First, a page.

July 24th, 2021

Bound for the Bruins: Medicine Hat’s Mia Kelly signs with Salt Lake Community College

By RYAN MCCRACKEN on November 13, 2020.

Mia Kelly stands in front of a congratulatory sign after putting pen to paper on a full scholarship with the Salt Lake Community College Bruins NJCAA Division 1 softball team on Thursday at Medicine Hat High School. -- NEWS PHOTO RYAN MCCRACKEN


Mia Kelly was all smiles when she put pen to paper Thursday afternoon at Medicine Hat High School.

Surrounded by friends, family and coaches, the Grade 12 softball pitcher committed to a future on the diamond in NJCAA Division 1 by signing a full scholarship with the Salt Lake Community College Bruins.

“It just feels awesome that all these people who support me and I love are here to celebrate this with me,” said Kelly, who will attend SLCC next fall. “Thanks to Hat High for putting this together for me, I think it’s great.”

The Bruins are getting quite the arm in Kelly, who boasts a varied arsenal of six pitch options. Coach Dianna Jordison, who has been working with Kelly for the past few years, says the young arm is more than capable of keeping hitters off balance with every pitch at her disposal.

“When you’re going to college you definitely need to start working off the plate – you don’t really want anything down the middle – so her drop ball is killer,” said Jordison. “She has an amazing screwball, so that comes inside on a player, she’s working on her rise ball. Everything is working really good – curveball, drop ball, change-up – she’s doing really well.”

That flexibility on the rubber made Kelly a highly sought-after prospect, but after fielding multiple offers, she decided Utah was the perfect fit for her future. The Bruins have reached the NJCAA finals in eight of the past 10 seasons and finished as runner-up in two of those years – with any luck, Kelly might be able to push them over that hurdle.

“I think that Salt Lake City was the best fit for me because it was geographically awesome for my family and me to get down there and everything. Their program is just awesome, and they have great girls from everywhere around America. That’s also really cool for me,” she said. “I’m planning on taking education and they have a really good program down there for me, too. It’s just awesome.”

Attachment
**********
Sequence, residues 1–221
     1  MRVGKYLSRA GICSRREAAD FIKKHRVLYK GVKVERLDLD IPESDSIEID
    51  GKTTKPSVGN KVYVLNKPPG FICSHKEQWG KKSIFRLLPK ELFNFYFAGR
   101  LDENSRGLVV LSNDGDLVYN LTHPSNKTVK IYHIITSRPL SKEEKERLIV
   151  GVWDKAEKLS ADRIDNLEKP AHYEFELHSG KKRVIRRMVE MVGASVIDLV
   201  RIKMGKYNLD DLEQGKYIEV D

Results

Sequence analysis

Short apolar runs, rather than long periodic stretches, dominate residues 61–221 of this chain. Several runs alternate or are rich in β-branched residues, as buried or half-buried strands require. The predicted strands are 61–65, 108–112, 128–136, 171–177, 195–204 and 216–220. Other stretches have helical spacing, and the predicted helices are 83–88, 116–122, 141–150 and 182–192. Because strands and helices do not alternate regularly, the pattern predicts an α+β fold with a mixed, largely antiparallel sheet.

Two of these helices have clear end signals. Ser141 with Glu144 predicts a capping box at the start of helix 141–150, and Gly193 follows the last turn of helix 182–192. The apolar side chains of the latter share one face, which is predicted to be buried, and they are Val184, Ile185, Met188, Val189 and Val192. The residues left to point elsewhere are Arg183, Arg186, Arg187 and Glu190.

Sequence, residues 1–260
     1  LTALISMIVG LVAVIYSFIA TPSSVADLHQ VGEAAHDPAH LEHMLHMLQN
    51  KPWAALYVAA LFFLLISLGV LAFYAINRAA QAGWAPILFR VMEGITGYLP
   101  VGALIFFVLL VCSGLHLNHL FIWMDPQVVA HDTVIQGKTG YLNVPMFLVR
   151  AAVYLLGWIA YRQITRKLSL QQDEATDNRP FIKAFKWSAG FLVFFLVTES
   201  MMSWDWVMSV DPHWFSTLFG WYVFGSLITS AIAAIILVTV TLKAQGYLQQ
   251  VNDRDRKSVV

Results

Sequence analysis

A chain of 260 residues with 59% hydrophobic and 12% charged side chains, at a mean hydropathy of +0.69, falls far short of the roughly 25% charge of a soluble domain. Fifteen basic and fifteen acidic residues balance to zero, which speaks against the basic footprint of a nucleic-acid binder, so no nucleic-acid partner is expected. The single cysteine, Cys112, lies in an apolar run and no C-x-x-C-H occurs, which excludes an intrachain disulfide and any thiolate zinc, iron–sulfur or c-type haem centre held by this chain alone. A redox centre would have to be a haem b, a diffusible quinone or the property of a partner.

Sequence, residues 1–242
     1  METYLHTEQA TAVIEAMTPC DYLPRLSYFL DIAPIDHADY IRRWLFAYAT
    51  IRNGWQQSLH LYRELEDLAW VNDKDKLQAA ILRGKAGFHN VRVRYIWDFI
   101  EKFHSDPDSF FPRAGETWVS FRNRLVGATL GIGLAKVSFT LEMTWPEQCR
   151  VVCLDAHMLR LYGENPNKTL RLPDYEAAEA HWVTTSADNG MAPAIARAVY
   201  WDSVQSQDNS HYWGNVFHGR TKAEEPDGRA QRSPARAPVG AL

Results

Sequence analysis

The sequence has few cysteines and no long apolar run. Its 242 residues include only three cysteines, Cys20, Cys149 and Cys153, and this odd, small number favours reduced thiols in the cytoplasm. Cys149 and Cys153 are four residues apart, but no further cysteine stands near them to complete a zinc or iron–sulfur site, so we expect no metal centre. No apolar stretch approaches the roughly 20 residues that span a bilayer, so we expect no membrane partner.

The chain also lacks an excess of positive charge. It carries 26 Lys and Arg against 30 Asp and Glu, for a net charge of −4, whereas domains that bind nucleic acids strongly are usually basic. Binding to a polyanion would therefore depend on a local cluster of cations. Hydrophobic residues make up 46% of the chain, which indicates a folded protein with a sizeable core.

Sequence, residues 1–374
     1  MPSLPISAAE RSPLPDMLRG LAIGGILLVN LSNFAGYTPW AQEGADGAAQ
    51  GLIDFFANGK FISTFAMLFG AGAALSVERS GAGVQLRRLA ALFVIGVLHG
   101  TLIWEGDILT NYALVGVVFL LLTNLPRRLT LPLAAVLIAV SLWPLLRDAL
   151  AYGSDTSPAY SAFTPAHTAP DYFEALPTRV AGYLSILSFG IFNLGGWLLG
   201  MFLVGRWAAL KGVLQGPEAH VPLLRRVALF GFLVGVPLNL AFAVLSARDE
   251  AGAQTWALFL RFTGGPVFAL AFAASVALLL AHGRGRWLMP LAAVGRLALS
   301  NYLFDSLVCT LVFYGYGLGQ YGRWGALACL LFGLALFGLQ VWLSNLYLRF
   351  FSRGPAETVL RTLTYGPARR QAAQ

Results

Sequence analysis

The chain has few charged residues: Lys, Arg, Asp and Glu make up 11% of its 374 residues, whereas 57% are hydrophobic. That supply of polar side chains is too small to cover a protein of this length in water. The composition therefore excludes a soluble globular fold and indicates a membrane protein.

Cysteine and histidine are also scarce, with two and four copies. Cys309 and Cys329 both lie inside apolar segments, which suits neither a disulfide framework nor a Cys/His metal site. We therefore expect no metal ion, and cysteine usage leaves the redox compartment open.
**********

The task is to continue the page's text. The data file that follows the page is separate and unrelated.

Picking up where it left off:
Kelly has been pitching for six years, and in that time she’s etched quite the name for herself on the diamond. She’s helped guide the Medicine Hat Thunder to a handful of provincial medals, as well as a silver medal in Grande Prairie League Softball. The promising pitcher earned a spot at the Alberta Summer Games in 2016 and 2018 – where she also earned the honour of banner carrier for her zone – and has garnered awards for Medicine Hat Minor Softball Association’s high school player and Thunder player of the year.

But it’s not just Kelly’s control or power that set her apart from the pack. As Jordison points out, the young pitcher puts in countless hours working with young players at Swanny’s Baseball and Training in Medicine Hat and consistently sets a positive example for her students and teammates alike.

“She’s always there with a big smile on her face and she always includes other athletes. She always comes working hard and she makes the best of it every single practice,” said Jordison. “She loves coaching, too, so it’s really awesome to see her put back into the community. I think that’s definitely what separates her from a lot of athletes as well.”

Although COVID has prevented Kelly from visiting the Salt Lake campus in person, she says she’s been keeping in touch with her new coach and plans to head south for a visit as soon as public health guidelines allow.

“They were supposed to have a signing party in November and I can’t go down there because I’d have to quarantine when I come back,” said Kelly. “I’ve just been talking to the coach about some certain things.”

For the time being, it’s business as usual – pitching, coaching and planning for her future as a Bruin.

“Right now she’s throwing a couple times a week, we’re going to move that up to four times a week,” said Jordison. “I’m so proud of her. It’s so exciting and she deserves it. She put in the hard work.”

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